This map, in addition to research by archaeologists, established the significant scale of settlement at the site. The mounds stretch across an expanse of land over 1.6 kilometres (0.99 mi) in length. In the greater pantheon of Mississippian culture sites, Carson is quite large, and it was incredibly important in local and regional political dynamics.
The Carson Mounds site was listed on the National Register of Historic Places in 1979.
Location and geography
Carson is located in the northern Yazoo Basin, approximately 500 kilometres (310 mi) north from the Gulf of Mexico and 120 kilometres (75 mi) south from Memphis, Tennessee. The Yazoo Basin is a floodplain of the Mississippi River and features a variety of geomorphic features created by meandering channels of the Mississippi River over the last several thousand years. Carson and the mounds were constructed over a crevasse splay which was deposited by the Mississippi River around 2800 years ago.
The Mississippian culture component of Carson extends east to west approximately 1.5 miles (2.4 km) and north to south .5 miles (0.80 km) and covers approximately 150 acres (0.61 km2). When it was first documented in 1894 there were over eighty small earthen mounds scattered across the site; a number only exceeded by the Cahokia site in western Illinois. Due to extensive Euroamerican farming techniques since this time most of these small mounds have been leveled and are no longer visible. The site is presently dominated by five large platform mounds, some of which form arrangements around central plazas.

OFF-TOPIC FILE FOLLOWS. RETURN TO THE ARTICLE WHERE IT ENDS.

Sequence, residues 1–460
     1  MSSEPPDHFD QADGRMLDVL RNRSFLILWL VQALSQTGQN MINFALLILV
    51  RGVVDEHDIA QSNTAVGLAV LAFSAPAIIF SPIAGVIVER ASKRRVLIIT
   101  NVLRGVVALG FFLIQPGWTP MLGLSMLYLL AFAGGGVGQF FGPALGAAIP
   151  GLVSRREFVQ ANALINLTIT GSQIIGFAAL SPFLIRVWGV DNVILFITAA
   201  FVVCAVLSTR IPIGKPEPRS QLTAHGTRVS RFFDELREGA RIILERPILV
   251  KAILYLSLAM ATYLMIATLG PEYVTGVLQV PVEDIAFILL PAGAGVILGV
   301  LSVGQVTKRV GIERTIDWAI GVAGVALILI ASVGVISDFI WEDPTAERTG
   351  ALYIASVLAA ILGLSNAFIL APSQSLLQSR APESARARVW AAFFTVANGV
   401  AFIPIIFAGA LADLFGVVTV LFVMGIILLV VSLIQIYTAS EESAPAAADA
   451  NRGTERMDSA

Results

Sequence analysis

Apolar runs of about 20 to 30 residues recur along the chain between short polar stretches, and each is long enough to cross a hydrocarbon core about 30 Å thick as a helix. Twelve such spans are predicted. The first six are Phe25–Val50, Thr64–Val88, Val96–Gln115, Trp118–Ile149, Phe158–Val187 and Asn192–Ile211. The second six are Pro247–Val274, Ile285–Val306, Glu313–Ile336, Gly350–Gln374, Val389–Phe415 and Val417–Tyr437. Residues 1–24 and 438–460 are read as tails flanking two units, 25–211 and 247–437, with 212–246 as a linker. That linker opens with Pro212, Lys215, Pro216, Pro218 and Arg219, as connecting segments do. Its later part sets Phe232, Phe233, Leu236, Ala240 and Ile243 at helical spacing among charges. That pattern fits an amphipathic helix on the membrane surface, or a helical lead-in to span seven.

These remaining mounds, named Mounds A-F, range in size from 3 metres (9.8 ft) and 12 metres (39 ft) in height. Adjacent to Mound A, there was a large enclosed village where archaeologists have currently recovered well over 30 residential buildings. This 5 acres (0.020 km2) area, located in the northwestern corner of the site, was enclosed on three sides by an earthen embankment and ditch, and on its fourth side by a river.
Excavations have produced evidence of flint-knapping, the production of stone tools, some of which are consistent with blades and drills found at other major Mississippian mound centers including Cahokia and Bottle Creek Indian Mounds. Other evidence of interaction with Cahokia comes in the form of the characteristically Cahokian Ramey Incised vessels which have been found at Carson. Examples of these vessels can be seen at the Carnegie Public Library in Clarksdale, Mississippi.
Examination of human remains found in burials at Carson has also shown that the inhabitants practiced artificial cranial deformation or head flattening. The specific type of deformation is defined as fronto-occipital or fronto-vertico-occipital, the flattening of the forehead and the back of the head. This particular type of body modification is more complex than cranial modification as a byproduct of simply "cradle boarding" infants, and is thought to have been purposely done to show the hereditary elite status of the individuals; since the modifications are made in very early childhood before an elite status could have been gained in other ways.